GOP: Infighting over the Budget

March 07, 1995

Now that the Senate has put aside the phony Balanced Budget Amendment, it is time it launched into serious action to balance the budget. There's a way to do this. Not by mucking up the Constitution with political gestures. But by cutting spending harshly and protecting the federal revenue base from the "middle class tax cuts" proposed by both parties in defiance of economic common sense.

Instead, some irate Senate Republicans figure this is revenge time against Sen. Mark Hatfield, R-Ore., who dared to cast the sole real GOP vote against the BBA. They want to depose him as chairman of the Appropriations Committee. What a spectacle this would be -- to punish a senator for voting for principle rather than succumbing to party discipline! Especially a veteran senator with a mind of his own who even offered to resign his seat rather than vote against his conscience.

Senate Republican leader Bob Dole, now in hot pursuit of the presidency, stirred the pot against Senator Hatfield by noting that the maverick Oregonian had voted for a Balanced Budget Amendment in 1982. "It's not that he's had this forever-held view," Mr. Dole declared. He neglected, however, to chide Republican Senators Nancy Kassebaum, William Cohen and and John Chafee for their inconsistency in having voted against the BBA in 1982 and for it this time. Nor did he allude to the instances he himself incurred the wrath of the ultra-conservatives by opposing inanities in Reaganomics that quadrupled the national debt in 12 years of Republican presidential rule.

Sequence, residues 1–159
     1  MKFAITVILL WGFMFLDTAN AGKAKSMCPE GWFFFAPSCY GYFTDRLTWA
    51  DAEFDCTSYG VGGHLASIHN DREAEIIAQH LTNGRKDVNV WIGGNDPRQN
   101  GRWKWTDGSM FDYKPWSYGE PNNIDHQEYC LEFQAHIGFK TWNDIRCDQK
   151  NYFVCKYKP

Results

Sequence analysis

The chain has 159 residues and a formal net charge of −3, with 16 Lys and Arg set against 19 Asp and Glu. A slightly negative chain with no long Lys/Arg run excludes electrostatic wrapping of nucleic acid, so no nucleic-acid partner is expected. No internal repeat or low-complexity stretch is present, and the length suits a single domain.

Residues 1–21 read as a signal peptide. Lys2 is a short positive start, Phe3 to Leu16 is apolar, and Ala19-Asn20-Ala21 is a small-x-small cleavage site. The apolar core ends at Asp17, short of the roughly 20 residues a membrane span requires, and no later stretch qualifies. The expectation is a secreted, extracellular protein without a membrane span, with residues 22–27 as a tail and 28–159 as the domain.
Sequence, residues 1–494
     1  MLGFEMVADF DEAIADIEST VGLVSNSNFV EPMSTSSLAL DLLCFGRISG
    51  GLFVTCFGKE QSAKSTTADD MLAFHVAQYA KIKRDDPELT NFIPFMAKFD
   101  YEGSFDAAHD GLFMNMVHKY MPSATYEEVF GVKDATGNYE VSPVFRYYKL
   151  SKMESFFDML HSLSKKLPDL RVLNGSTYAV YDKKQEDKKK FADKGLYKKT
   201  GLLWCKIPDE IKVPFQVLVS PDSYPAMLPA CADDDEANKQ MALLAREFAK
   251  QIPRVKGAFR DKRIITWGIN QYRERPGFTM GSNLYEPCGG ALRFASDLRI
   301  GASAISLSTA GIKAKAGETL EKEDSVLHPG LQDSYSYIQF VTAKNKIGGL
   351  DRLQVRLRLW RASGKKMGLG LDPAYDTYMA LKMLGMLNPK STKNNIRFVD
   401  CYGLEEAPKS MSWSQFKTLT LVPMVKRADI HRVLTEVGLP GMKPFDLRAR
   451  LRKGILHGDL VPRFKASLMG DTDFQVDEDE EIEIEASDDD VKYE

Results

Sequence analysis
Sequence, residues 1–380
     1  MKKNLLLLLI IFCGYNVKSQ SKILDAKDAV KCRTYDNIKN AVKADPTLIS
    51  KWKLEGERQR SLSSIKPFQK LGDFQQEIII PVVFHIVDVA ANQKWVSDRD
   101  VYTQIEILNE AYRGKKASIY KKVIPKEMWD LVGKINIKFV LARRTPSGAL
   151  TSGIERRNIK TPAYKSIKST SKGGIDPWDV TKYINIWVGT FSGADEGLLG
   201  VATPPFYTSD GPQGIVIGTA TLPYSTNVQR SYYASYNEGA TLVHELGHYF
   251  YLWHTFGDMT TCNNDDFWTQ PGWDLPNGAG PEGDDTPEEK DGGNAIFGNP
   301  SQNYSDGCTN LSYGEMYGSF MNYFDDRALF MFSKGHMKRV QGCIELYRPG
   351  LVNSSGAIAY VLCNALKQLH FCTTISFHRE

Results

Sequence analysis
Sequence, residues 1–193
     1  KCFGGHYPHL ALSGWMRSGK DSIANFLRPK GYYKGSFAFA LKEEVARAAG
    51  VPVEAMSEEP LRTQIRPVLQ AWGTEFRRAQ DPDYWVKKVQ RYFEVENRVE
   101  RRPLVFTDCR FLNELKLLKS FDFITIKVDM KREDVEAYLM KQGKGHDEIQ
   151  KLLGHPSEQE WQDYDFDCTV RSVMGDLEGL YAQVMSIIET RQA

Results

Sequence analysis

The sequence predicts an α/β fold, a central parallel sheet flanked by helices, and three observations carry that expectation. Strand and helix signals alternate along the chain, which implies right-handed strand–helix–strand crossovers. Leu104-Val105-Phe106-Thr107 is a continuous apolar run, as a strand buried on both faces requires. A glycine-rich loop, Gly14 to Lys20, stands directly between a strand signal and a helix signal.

Senator Dole should advise his fellow Republicans to cool it -- especially his deputy, Sen. Trent Lott of Mississippi, who said Senator Hatfield's vote "exhibited an awful lot of arrogance" in rejecting the feelings of his constituency and his party leadership. And all the time we thought senators were supposed to vote their own good judgment, unswayed by the hot winds of public opinion. It may be a sorry day for the GOP if Senator Lott succeeds Senator Dole to the top leadership spot during next year's primary election season.

Actually, Senator Dole himself exhibited adherence to principle during the vociferous debate over the BBA by rebuffing Democratic efforts to put Social Security outside its purview. He has said, quite rightly and bravely for a presidential candidate, that somewhere down the line Social Security and other runaway entitlement programs must be part of a realistic effort to end the deficit spending that threatens the nation's economic security.

Rather than have his party torn apart by an effort to string up Mr. Hatfield, Senator Dole should take up the Oregonian's offer "to lead [his] committee in taking steps necessary to reduce the deficit immediately." The best way to get to a balanced budget is not through constitutional legerdemain but through the hard spending and tax decisions needed to achieve that goal.

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